Some thoughts on health insurance.

For years, I worked for myself, and when I was doing well I could afford health insurance, but the last few years I couldn't. And this made the world a threatening place, because I could be cast into a lifetime of debt by a single hospital bill. Every time I crossed the street I thought about what would happen to me if I was hit by a car, and I was nervous riding my bicycle, even wearing my helmet, because if I fell and broke an arm, I'd have to think of money first and pain second. So I stopped riding my bike.

Some people would pull back a little bit when they learned I wasn't covered. Because people without insurance are the living embodiment of risk, of the potential that life has to go wrong. I talked about this with my other uninsured friends, and they all agreed that they sometimes felt like social outcasts, like there was something wrong with us. We were not complete.

But now, suddenly, I find myself covered. I started a new job and received a blue insurance card in the mail. I sat for a long while on the edge of my bed, looking at that card, feeling its sharp edges in my hand. It was just a few square inches of plastic but it made me feel like a whole person to have it in my grasp.

What insurance promises is continuity in the face of fate. If you're uninsured and you get hit by a car, you are basically screwed. While you heal up you'll have a hard time making a living, and once you're healed you'll have an itemized hospital bill as long as a novel to pay down for the next several years. But if you're covered, you'll spend some time being tended by doctors and nurses, then you'll return to the life you had before you were hurt, and things will be roughly as they were, and you can forget that anything bad ever happened. That's the promise. Now that I have benefits I can plan my life knowing that if tragedy strikes, in the form of a hurtling bus, or a bullet, or some disease, I won't be left to fend for myself.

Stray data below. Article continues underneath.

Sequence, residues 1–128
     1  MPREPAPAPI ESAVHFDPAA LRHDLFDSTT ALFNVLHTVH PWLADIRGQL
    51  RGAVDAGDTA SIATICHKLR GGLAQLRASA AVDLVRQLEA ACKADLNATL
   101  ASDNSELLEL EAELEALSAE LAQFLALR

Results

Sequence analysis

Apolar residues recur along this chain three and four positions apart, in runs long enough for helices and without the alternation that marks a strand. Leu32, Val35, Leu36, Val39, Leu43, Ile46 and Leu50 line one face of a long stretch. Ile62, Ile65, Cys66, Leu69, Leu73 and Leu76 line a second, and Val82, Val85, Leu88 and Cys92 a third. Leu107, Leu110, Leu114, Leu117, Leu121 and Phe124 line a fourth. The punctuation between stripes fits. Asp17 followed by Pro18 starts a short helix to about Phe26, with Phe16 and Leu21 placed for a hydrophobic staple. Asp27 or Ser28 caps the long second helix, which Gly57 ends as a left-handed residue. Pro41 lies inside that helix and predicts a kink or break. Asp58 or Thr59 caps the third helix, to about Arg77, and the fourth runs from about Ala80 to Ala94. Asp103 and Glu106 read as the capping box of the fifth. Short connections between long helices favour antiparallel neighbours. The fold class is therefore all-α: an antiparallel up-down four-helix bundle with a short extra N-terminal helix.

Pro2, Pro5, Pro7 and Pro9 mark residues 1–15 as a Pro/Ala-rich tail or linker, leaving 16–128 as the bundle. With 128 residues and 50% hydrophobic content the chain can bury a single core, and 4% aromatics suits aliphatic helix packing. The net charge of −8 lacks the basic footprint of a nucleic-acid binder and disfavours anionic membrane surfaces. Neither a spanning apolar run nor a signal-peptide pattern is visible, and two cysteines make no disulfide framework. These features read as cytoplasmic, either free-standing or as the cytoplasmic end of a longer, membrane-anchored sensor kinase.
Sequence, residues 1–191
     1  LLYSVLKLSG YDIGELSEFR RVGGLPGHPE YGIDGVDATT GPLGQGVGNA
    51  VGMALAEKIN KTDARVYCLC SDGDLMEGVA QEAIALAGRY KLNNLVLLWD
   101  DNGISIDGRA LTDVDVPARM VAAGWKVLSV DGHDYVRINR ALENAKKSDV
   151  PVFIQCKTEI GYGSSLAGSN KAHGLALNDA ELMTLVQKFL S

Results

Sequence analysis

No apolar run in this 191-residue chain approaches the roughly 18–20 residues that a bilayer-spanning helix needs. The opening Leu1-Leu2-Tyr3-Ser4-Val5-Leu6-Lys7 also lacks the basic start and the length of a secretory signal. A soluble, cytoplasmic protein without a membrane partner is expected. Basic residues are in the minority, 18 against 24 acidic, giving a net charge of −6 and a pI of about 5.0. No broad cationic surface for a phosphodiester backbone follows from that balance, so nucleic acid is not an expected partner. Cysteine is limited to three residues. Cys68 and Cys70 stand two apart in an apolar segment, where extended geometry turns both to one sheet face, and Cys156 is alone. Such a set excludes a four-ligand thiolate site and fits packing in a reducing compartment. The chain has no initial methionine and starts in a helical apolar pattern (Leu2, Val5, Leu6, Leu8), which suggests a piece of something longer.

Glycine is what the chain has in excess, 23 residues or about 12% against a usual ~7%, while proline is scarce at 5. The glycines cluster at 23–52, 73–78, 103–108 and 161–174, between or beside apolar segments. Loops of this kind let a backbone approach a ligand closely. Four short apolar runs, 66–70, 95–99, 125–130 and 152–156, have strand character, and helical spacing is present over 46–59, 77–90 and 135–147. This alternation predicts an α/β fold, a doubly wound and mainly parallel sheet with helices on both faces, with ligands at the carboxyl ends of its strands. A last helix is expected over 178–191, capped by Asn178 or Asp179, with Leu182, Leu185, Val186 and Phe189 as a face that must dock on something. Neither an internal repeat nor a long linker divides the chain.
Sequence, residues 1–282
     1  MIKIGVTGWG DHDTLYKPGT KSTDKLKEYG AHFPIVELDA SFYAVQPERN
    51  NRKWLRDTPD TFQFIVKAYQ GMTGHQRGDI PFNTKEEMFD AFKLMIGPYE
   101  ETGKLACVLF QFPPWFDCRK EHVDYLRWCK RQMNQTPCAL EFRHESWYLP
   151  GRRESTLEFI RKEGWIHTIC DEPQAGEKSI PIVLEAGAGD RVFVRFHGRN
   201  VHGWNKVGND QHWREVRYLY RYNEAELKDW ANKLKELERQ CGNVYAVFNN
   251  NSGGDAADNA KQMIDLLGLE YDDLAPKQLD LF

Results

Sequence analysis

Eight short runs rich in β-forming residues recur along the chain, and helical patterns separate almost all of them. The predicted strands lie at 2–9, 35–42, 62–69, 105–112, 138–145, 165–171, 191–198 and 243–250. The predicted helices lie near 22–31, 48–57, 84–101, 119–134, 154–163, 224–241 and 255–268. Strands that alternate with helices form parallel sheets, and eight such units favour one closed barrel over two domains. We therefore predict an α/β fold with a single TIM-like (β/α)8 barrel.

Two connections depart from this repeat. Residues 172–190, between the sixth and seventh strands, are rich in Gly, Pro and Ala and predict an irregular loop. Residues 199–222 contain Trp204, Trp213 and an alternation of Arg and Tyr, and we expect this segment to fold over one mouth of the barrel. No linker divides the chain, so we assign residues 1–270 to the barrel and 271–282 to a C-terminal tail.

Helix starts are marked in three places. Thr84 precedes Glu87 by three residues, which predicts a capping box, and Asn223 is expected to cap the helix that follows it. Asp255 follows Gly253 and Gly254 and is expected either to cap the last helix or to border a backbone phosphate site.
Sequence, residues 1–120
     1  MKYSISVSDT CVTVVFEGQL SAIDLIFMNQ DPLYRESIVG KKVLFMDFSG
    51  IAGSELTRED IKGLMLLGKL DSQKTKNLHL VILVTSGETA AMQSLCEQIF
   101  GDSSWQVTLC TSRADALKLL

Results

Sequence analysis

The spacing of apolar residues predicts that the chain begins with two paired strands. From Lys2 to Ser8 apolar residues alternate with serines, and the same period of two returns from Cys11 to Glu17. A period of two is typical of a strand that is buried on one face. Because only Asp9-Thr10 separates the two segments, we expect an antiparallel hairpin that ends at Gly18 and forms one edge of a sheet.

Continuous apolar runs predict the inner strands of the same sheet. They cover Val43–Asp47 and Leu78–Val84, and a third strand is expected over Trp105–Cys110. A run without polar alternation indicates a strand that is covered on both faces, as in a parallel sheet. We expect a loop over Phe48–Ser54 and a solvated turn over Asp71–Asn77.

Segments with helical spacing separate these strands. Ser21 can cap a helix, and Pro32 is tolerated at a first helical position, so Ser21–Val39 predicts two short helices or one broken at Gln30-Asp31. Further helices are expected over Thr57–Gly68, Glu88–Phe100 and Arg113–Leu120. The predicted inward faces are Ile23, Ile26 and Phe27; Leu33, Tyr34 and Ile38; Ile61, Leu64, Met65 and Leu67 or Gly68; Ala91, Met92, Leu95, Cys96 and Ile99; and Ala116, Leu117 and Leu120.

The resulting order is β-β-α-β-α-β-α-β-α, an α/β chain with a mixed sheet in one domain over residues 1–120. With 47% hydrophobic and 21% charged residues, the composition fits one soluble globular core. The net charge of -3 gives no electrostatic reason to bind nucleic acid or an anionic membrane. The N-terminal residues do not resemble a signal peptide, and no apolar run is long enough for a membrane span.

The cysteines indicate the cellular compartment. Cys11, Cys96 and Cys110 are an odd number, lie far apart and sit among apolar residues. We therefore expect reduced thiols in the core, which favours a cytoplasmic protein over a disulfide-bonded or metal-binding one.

Having insurance also changes the way I see my body. When I was uninsured my body belonged only to me. When I was sick, I waited out the sore throat and fever in bed. But my body with benefits is partially the responsibility of others. I have a new doctor, a nice woman in Brooklyn. She tells me that I weigh too much, that I must take better care of myself, smoke fewer cigars and eat less salty food. I need to get on a plan, she says. And once I get on that plan, I think, I can get married, and my wife can share in my insurance, and we can have children and know that they will be protected by the full benefits of science and progress. Health care gives me a future. I talked about this with my mother, who has only a bare minimum of coverage and worries constantly about her health. She said, “Paul, what can you do? I'm one of the poor people in America now. At least I'm not alone.” And she's happy for me that I have entered the insured class and can enjoy the blessings of my benefits.

It was no fun, in those uninsured days, to feel that my life wasn't worth enough to save. Somehow having a job, working for other people—it makes me more of a full human being, and worth a doctor's time. So I keep my little blue card in my wallet at all times, and when I cross the street I think to myself, if I get hit by a car, it will be okay. I know that doesn't seem fair, and I don't like the equation that it represents, but that's the deal, and it's the only deal out there right now.